Some content from the Schenectady Daily Gazette
Assemblywoman Sylvia Friedman called me [on Thursday, March 9, 2006] to tell me, in part, that she was proud that one of her first votes was in favor of Timothy's Law.
Sylvia also told me that her first speech since elected, was in the Democratic Conference in favor of extending EPIC to persons with disabilities.
504 Democratic Club President
NYAPRS Note: The campaign to win passage of mental health and substance abuse treatment insurance parity in New York State moved forward with Wednesday's passage of the bill in the NYS Assembly and news conference attended by Assembly leaders and representatives of the many mental health advocacy groups who make up the Timothy's Law Coalition.
NYAPRS members have identified the passage of Timothy's Law as one of their priorities for this year's legislative session.
Timothy's Law Revived, Easily Passes Assembly
by BOB CONNER Schenectady Daily Gazette Reporter
March 9, 2006
Thomas O'Clair came back to Albany on Wednesday, as the state Assembly once again passed legislation named after his dead son.
It has been five years since Timothy O'Clair, who was almost 13 years old, committed suicide in his Rotterdam home.
"Who knows what Tim could have grown to be?" his father asked at a Capitol news conference, echoing the words of a Kenny Chesney country song,
"Who You'd Be Today." O'Clair said the song
"makes me cry every time I hear it."
"We couldn't get Tim the care he needed," O'Clair said.
"Timothy's Law" is an attempt to make insurers provide that mental health coverage for other families. The
"mental health parity" legislation would require insurance companies to cover mental illness and substance abuse treatment in the same way they do physical illnesses. Assemblyman Paul Tonko, D-Amsterdam, prime sponsor of the bill, said it has
"languished far too long," and that its passage is a matter of
"fairness, justice and who we are as a society."
The bill passed the Assembly later Wednesday by a vote of 134 to 9, said Thomas Lynch, Tonko's legislative director. It also has passed the Assembly in previous years. Before 2001, similar legislation passed with a different name.
In 2004, a version of the bill passed the Senate at the end of the session, but was never referred to a conference committee. Mark Hansen, a spokesman for Senate Majority Leader Joseph Bruno, R-Brunswick, said the Senate version of the bill has an exemption for businesses with 50 or fewer workers. Without such an exemption, he said, the bill
"would likely result in many businesses not offering health insurance."
Matthew Maguire, communications director for The Business Council of New York State, made a similar point. He said,
"The insurance industry projects a 3.5 percent increase on premiums if Timothy's Law is enacted," meaning
"health insurance could be put out of reach for some 900,000 New Yorkers." There is no requirement that employers offer health insurance.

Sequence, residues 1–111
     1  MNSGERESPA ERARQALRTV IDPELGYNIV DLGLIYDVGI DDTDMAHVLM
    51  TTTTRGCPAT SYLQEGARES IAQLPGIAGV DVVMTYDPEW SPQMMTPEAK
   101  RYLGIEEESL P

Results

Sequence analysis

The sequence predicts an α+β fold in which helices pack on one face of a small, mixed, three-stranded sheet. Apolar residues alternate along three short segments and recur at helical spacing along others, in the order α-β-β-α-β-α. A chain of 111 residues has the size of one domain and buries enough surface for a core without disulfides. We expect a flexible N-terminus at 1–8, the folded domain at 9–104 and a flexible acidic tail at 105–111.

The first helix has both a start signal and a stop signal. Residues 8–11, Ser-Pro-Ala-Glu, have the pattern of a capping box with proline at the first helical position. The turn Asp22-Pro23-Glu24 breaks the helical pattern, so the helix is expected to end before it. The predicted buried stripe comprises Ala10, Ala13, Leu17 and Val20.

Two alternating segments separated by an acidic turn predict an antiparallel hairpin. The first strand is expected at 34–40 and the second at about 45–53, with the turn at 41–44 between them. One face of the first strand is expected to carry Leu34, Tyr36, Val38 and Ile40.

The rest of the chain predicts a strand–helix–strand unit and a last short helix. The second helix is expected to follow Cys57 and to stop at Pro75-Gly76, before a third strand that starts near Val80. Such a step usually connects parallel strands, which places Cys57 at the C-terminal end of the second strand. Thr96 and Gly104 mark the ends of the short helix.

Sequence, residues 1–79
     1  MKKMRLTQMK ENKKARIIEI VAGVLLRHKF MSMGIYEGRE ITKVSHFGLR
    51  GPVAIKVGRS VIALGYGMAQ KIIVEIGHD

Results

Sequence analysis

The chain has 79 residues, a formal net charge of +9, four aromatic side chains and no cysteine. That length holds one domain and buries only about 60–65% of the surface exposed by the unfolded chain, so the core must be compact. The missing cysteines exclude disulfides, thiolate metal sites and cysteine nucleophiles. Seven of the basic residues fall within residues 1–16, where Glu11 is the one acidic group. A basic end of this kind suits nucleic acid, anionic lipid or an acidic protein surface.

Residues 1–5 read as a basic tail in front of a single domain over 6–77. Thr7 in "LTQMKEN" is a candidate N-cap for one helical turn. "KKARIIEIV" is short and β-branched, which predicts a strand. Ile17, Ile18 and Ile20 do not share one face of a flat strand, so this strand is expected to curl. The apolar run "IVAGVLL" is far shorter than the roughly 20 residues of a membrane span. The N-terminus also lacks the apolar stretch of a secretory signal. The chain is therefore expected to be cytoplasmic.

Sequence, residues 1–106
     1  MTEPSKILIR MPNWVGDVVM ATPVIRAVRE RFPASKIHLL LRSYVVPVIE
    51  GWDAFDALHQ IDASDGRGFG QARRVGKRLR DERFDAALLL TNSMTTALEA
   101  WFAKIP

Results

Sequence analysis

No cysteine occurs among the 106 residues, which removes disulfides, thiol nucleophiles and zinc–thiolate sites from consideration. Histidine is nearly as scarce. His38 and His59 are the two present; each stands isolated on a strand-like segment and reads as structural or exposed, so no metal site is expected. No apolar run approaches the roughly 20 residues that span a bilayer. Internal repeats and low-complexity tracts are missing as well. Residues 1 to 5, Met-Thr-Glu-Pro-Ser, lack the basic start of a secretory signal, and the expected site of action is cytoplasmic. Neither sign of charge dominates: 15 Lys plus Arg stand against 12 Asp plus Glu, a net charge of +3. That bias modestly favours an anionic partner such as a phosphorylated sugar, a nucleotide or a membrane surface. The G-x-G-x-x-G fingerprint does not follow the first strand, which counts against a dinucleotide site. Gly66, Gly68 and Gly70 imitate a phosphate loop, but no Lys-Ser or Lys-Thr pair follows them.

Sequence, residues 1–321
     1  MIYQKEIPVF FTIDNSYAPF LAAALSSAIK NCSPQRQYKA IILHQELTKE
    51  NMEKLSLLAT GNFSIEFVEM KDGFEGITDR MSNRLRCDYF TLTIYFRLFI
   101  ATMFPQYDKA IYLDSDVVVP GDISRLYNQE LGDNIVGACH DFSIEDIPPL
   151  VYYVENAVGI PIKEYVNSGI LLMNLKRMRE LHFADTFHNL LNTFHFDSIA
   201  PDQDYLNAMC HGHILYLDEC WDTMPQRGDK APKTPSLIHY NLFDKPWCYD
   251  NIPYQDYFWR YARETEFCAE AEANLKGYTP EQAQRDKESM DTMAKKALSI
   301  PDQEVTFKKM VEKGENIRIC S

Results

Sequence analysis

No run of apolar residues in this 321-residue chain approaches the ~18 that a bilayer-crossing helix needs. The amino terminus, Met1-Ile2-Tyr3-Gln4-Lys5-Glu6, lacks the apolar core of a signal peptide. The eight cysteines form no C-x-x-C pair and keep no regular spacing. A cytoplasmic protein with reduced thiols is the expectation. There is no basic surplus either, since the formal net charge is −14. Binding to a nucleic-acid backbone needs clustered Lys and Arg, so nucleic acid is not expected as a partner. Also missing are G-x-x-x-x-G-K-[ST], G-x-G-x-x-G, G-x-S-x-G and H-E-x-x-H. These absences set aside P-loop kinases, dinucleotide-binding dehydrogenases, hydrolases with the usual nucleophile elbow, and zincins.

Maguire said the state does, however, have more than 40 insurance mandates, and 109 more have been proposed in the Legislature within the past year.
"Pete" Grannis, D-Manhattan, appearing with O'Clair and Tonko at the news conference, said
"tragedies have a direct and indirect cost." Many states and companies have found that providing mental health coverage can save money, he said, because
"if you catch it early you avoid the cost later on." Grannis is chairman of the Insurance Committee.
O'Clair also cited the lost productivity involved when families are left to fend for themselves.
More than 320 organizations, including many dealing with mental health issues, have endorsed the Assembly bill.
The New York State Catholic Conference is one of them. It issued a statement saying:
"The case of Timothy O'Clair, for whom Timothy's Law is named, clearly illustrates the ultimate cost that barriers to treatment can exact. Equal coverage for a patient's illness or condition should occur whether that illness or condition is mental or physical."
Hansen said the Senate leadership would consider the matter, but is now focused on the state budget.
Silver, Key Assembly Members Call For Ending Mental Health Care Discrimination Urge Senate To Join In Passing
Assembly March 8 News Release
Assembly Speaker Sheldon Silver and Assemblyman Paul Tonko today announced expected passage by the Assembly this afternoon of Timothy's Law, a mental-health parity bill (A.2912-A) aimed at ending discrimination against mental-health care and addiction treatment by insurance companies in New York State.
At a Capitol news conference, Tonko was joined by Assembly Insurance Committee Chair Alexander
'Pete' Grannis and Peter Rivera, chair of the Mental Health, Mental Retardation and Developmental Disabilities Committee as well as mental-health-care advocates in urging the Senate also to approve the measure this year. The legislators hailed the bill's goal of expanding the limited mental-health care and addiction-treatment insurance coverage currently available to New Yorkers.